Book Review: Implementing Cisco UCS Solutions

I have been demonstrating, selling and installing Cisco Unified Computing Systems for several years and there are *still* aspects to the system that I haven’t completely mastered. So, when I saw an opportunity to review a new book from Packt Pub called:

Implementing Cisco UCS Solutions by Farhan Ahmed Nadeem and Prasenjit Sarkar

I jumped at the chance. Hopefully, this book will make the path to a complete understanding of the UCS system easier than wading through the Cisco Documentation.

I have spent a week with the book and it’s as thorough a survey of the UCS hardware, software and implementation processes as I have seen. The authors include a wealth of details that help you understand all the components and the management of a UCS system.

There are 12 Chapters in all with each roughly 30 pages in length:

Chapter 1: Cisco UCS Physical Architecture and Installing UCS Hardware
Chapter 2: Setting Up Lab Using Cisco UCS Emulator
Chapter 3: Configuring Cisco UCS Using UCS Manager
Chapter 4: Configuring LAN Connectivity
Chapter 5: Configuring SAN Connectivity
Chapter 6: Creating Identity and Resource Pools
Chapter 7: Creating and Managing Service Profiles
Chapter 8: Managing UCS through Routine and Advanced Management
Chapter 9: Virtual Networking in Cisco UCS
Chapter 10: Configuring Backup, Restore, and High Availability
Chapter 11: Cisco UCS Failure Scenarios Testing
Chapter 12: Third-party Application Integration

The book is 360 pages and includes a well crafted 11 page dual column index for locating specific topics. The Kindle version use links from the index to the material and the downloadable PDF option does not.

Most Enterprise Datacenters divide hardware responsibilities into subject silos:

  1. Servers
  2. Storage
  3. Networking

Comprehending the UCS system forces a new level of knowledge of all three “silos” and that’s the real challenge of the mastering a UCS Administration and Implementation role: If you’re strong in one area you’ll need to raise your game in the other 2.

That’s why this book will be a solid reference in any UCS shop: it covers all areas with equal rigor and detail.

How do you add memory to a blade server? Covered.

How do you “isolate and prioritize” storage traffic over a common network uplink? Covered.

How do you get iSCSI boot service from a system that doesn’t support VLAN tagging? Covered.

And, maybe most importantly to an engineer interested in Cisco UCS without access to the hardware: there’s a chapter on the “Cisco UCS Platform Emulator” software that can be installed and configured on a laptop.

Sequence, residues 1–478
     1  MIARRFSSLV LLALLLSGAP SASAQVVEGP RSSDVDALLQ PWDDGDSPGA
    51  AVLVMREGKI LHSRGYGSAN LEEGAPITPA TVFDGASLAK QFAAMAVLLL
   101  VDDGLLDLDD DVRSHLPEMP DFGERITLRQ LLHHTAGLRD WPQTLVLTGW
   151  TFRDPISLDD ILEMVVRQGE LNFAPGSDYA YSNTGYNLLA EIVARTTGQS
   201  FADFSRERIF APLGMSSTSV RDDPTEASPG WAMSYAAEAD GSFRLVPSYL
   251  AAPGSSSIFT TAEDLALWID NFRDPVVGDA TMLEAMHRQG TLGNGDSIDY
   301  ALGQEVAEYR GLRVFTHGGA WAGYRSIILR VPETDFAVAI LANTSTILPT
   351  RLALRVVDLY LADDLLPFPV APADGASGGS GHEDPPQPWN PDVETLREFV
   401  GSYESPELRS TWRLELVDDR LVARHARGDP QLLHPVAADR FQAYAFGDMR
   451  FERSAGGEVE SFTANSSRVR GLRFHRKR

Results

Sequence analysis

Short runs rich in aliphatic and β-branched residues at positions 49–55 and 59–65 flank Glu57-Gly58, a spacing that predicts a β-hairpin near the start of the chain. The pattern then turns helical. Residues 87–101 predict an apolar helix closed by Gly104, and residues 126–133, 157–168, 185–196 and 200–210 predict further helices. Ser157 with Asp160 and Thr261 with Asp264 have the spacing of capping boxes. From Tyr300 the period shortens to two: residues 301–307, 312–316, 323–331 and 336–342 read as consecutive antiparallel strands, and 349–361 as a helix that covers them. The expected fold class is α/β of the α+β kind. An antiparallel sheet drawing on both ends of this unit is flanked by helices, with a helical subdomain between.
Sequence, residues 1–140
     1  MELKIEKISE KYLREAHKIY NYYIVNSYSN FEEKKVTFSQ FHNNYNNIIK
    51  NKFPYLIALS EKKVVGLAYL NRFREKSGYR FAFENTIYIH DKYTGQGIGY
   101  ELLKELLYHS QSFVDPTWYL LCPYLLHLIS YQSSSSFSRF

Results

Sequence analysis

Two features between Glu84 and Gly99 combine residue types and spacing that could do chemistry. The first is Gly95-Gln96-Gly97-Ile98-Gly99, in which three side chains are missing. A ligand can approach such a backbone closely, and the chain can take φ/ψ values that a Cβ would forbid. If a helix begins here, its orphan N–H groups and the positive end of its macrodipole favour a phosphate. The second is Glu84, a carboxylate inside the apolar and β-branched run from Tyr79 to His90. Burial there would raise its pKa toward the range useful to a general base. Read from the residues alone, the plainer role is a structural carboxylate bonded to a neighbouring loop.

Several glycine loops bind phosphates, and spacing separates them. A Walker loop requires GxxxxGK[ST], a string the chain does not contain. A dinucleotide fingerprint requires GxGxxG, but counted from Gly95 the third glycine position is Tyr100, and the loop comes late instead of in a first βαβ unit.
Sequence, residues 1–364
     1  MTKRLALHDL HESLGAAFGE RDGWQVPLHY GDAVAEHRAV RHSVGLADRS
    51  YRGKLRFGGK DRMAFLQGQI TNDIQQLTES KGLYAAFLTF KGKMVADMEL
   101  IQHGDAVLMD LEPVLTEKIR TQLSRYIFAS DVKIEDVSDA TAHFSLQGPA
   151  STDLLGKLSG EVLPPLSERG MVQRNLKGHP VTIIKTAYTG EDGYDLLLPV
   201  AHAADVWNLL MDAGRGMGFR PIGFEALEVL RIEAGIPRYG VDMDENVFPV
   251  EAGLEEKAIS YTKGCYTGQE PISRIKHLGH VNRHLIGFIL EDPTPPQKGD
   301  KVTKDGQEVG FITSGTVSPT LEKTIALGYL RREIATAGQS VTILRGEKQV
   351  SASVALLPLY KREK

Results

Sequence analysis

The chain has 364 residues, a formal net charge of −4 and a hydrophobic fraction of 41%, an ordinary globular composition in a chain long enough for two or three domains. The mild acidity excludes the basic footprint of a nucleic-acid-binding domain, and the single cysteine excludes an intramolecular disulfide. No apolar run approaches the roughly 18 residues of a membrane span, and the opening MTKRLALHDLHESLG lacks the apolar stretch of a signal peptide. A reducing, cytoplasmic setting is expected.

The final chapter covering 3rd party application integration for EMC’s UIM, VMware’s vSphere and the Cisco Power(CLI)Tool set is also very useful… It can help an Orchestration software engineer pick the right tool to connect management system together.

Notable ommissions from the book include the UCS Director “orchestration” product, the UCS Central (multi-UCS system manager) and the Microsoft Hyper-V UCS Management… perhaps version 2 will extend the materials to 400+ pages and include these new and additional automation/management products.

In the vendor wars between Cisco, VMware, HP, Dell to own your datacenter: integration and automation are key benefits. Cisco has done well moving beyond their “route switch” stronghold to bring their key assets into an integrated role controlling and configuring racks of Intel-based servers as a Unified Compute System based upon a massively scalable networked I/O architecture.

Overtime, all racks of compute, storage and networking will look more and more like what Cisco has assembled. So, learning the features and concepts of a UCS system will have great benefits for IT systems professionals that want to stay current with best practices. This book is an essential reference for those design concepts.


Do you want to get started with OpenStack?

Well, I do and the *best* information I have found thus far are the VMware Professional’s vBrownbag videos to get a good overview. Check them out in iTunes at:

Start with the “Intro to OpenStack Part 1 and 2” by Michael Metral of RackSpace dated Feb 19, 2013 and Feb 26, 2013. Then there are episodes on major OpenStack projects mixed in with a lot solid VMware technical information.

Amazon leads the commercial public cloud space.VMware leads the commercial private cloud space.and Openstack is the Linux-like revolution to both those commercial juggernauts.

I just like leveraging *free* stuff. So, I’m headed deeper into that cloudscene.